Coming Across Acrostic Poetry
The world is opening up slowly but surely. Hopefully it follows spring's lead and petal by petal it stretches into a bloom so that we can enjoy life more fully. Imagine if flowers stayed buds forever?
What a tease.
The Massachusetts State Poetry Society had a meeting this past weekend. It was in-person at the Beverly Public Library, and it has been a while since I have attended any workshop or gathering in-person for the sake of being creative--even if only in bite-sized pieces. Poetry is sort of famous for being bite-sized, so this was a good start.
Poetry also has a habit of being famously impenetrable or snobbish. But, like so many things in life, if you can push past your own preconceived notions about poetry you'll see it's just words like everything else.
It's a magnifying glass for emotion and feeling.
It tries to get right to the point.
Its love for the heart of the matter can be seen as obstinate at times.
This is where this weekend's workshop on Acrostic Poetry comes in. Acrostic Poetry is quite possibly the perfect ambassador between people and poetry. It provides the suggestion of structure but does not slap you across the knuckles with its rules as some forms have a habit of doing. It simply provides a very entry-level chain link fence where you can see outside, but you are asked to play within its boundaries. What you play is up to you.
Some may see the fence and find it, well--offensive (pardon the wordplay:). It seems too elementary. In fact, you may remember writing an acrostic poem in elementary school. What an insult to your intelligence, because while you may not be up for the snobbery of a Shakespearean Sonnet, you will not be subjected to the ABCs of an Acrostic! Pfft!!
Well, I must admit to you, my attitude was quite the same. It had been years--decades--since I'd laid eyes, let alone my own pen, onto an acrostic poem. And yet, I played along.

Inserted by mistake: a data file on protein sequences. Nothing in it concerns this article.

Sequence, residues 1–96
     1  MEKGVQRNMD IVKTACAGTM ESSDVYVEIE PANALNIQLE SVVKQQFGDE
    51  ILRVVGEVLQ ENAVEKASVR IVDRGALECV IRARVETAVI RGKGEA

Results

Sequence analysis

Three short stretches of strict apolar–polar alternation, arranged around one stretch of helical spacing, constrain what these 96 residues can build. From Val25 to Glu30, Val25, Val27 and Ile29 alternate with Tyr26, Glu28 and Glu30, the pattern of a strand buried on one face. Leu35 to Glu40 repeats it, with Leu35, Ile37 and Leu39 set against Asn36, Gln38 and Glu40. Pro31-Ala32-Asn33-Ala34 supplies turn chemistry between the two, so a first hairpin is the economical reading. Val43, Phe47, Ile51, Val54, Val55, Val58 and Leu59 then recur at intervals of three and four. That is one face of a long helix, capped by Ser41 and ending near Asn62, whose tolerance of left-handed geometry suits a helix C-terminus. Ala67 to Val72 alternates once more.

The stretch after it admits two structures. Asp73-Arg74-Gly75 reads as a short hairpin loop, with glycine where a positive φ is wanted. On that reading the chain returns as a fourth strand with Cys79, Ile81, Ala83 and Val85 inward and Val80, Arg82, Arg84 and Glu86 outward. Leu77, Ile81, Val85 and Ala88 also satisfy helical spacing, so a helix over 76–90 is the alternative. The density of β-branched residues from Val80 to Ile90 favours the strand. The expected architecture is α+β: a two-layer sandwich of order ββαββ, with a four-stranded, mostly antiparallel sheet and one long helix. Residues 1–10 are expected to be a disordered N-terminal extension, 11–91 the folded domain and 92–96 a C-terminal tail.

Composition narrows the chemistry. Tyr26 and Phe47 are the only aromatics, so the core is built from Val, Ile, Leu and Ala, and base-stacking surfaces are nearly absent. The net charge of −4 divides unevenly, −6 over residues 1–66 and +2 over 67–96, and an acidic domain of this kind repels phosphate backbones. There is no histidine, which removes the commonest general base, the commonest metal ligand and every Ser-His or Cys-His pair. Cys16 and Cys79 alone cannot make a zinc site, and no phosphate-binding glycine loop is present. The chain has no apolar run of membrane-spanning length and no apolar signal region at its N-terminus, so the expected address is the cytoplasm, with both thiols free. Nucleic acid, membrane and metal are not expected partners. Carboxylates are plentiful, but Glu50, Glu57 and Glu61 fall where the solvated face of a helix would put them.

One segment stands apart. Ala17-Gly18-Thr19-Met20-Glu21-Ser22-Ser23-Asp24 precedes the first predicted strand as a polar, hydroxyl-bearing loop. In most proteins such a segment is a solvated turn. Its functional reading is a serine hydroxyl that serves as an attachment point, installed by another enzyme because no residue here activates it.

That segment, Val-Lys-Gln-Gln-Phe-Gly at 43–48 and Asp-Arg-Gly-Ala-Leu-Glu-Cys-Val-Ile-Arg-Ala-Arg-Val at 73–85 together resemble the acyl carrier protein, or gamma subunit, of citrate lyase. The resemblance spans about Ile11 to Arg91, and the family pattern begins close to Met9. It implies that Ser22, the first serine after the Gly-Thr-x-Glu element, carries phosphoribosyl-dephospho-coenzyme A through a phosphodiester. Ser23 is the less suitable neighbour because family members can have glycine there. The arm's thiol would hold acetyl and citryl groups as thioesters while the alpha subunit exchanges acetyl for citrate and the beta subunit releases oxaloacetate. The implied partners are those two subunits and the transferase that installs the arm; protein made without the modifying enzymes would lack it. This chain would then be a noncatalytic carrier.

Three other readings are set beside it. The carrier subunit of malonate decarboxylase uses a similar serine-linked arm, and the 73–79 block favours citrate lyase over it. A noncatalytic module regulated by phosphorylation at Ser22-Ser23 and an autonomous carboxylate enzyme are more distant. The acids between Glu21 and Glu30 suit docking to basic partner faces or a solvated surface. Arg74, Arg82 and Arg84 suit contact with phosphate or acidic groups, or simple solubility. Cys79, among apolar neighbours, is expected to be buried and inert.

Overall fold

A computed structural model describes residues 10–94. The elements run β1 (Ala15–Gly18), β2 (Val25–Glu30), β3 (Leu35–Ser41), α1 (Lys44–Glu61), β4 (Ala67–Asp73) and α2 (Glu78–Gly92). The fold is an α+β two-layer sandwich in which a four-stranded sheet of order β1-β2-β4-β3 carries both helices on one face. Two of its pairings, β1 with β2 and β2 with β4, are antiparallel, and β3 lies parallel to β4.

I was brought over to the fenced in area.
The rules were simple and clear--refreshingly so.
So, I played.
And . . .
I absolutely loved it. Simple enough for my overwhelmed mind to participate and yet once I allowed myself to forget about the world beyond the fence, I felt safe and had some fun with words. I didn't drone on as I tend to do with prose. I picked and plucked and tried to put together a bouquet. Rearranging, crossing out, rewriting. It has been so long since I'd allowed myself to work at a poem that wasn't simply "freestyle." The "rules" offered just enough challenge without making the exercise daunting or frustrating.
So, I encourage you. I implore you: write an Acrostic Poem. Here's a link to get you started: Acrostic Poem
Many thanks to Jeanette Maes, President of the Massachusetts State Poetry Society, who facilitated the workshop this past weekend. The poem I wrote is titled "Gardening" and it could do with some reworking, but I'll include it as it stands currently.
It felt good to take a snapshot of thought and force it onto paper. There is a satisfaction in creating that we cannot, as humans, dismiss or constantly defer. I'm glad I shook myself from default to get my hot mess of a self into the car and to that meeting so I could start to remember why I love poetry and words as a medium, so very much.
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